Art theft

theft

Salzburg News                       Friday, 9 January 2009

 

Naked woman in red stolen

 

Art thieves. Three perpetrators cut a picture by Eva Kaiser from Salzburg out of the picture frame - during the day and in the display of a gallery.

 

CHRISTIAN RESCH

 

SALZBURG-STADT, VIENNA (SN) It was a somewhat puzzled visitor to the "Galerie Time" who noticed that something was wrong. On Monday afternoon, the woman was looking at the empty picture frame near the panorama windows on Vienna's Wollzeile - the frame that should have contained the painting "Lying Nude" by Salzburg artist Eva Kaiser.

The three men with Eastern European accents who had left the crime scene minutes before had long since disappeared. What is certain is that one of them had cut out the "lying nude" with a blade and hidden it with him. The Vienna police have not yet been able to uncover any more information.

Gallery owner Günther Wachtl reported that two of the suspects had implicated himself and an artist who was present. Meanwhile, the third man must have taken the painting.

The gallery was open and frequented, on Wollzeile within sight of St. Stephen's Cathedral there was a lot of public traffic. The fugitives, who could have been observed by anyone from the street, obviously took a considerable risk in the theft. Nevertheless, no witnesses to the crime have yet turned up.

What is bizarre about the crime is that the unknown persons stole exactly this painting, measuring about 135 by 70 centimetres, and no other. The selling price was "only" 3800 euros. The artist herself cannot explain why criminals would be interested in exactly this - and only this - work of art. "I can only say that the painting is very revealing, almost pornographic," says Eva Kaiser. Recently, she says, a work similar in style but 14 square metres in size was sold to a Russian collector.

The criminologists now have to deal with the question of whether the theft of the "Reclining Nude" was deliberately commissioned - and whether the painting may have been taken abroad. "Something like this was rather unusual in the past," says Anita Gach, a specialist in art theft at the Federal Criminal Police Office. "In recent years, objects have tended to be stolen in Eastern and Southern Europe - from churches, for example. The works then turned up in the West. Where there are buyers with the necessary financial clout".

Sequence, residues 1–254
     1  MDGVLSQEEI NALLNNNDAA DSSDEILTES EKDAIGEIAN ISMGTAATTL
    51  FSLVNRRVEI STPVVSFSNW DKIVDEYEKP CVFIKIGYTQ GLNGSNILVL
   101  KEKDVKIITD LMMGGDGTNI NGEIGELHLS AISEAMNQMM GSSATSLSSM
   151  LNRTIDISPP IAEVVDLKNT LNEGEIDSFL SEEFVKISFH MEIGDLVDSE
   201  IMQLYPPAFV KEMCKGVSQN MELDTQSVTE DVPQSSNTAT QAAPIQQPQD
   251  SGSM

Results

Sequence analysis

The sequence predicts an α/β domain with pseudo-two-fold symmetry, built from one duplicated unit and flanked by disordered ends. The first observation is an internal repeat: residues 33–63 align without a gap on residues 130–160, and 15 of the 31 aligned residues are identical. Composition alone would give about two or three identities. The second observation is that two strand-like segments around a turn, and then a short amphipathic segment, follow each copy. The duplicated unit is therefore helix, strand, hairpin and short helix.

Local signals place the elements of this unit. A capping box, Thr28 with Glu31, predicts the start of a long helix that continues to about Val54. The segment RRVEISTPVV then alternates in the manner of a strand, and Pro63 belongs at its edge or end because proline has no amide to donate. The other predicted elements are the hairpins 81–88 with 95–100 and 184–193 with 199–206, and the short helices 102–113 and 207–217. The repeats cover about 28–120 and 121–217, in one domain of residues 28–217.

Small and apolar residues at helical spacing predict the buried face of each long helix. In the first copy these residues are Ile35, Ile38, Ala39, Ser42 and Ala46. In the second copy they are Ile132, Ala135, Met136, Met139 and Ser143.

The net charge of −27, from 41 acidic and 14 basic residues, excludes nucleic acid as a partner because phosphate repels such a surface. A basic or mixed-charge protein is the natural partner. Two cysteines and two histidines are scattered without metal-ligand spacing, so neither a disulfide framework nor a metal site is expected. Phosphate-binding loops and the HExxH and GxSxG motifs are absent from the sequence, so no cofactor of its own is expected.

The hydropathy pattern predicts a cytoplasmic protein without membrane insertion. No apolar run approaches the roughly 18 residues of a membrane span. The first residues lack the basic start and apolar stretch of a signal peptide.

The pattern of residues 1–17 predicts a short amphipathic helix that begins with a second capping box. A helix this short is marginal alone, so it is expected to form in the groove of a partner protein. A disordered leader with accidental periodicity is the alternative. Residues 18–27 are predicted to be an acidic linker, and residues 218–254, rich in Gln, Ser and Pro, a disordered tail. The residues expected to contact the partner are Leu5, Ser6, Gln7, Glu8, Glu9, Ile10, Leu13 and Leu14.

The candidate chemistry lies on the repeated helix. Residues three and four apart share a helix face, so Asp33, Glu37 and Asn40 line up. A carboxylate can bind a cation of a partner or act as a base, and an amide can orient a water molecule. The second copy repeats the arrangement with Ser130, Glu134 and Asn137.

For Gach, it is not uncommon that paintings are removed from galleries during opening hours. "But I don't think we've ever had a picture cut out of its frame. Art thieves, however, usually know very well what they can sell and what they cannot. "One painting is taken and the other next to it is ignored. For the investigators, it is not always logical what is behind it.

In general, such crimes are comparatively rare in galleries. Most art is stolen from private homes and churches. This is also confirmed by Christian Krieg, investigator at the Landeskriminalamt salzburg. "Modern art, as in the current case, is less interesting for criminals. The artist has to

internationally known". 2008 was a rather quiet year in terms of art theft.

The homepage of the Federal Criminal Police Office contains a list of valuable art objects that have disappeared in recent years: www.bmi.gv.at/fahndung.

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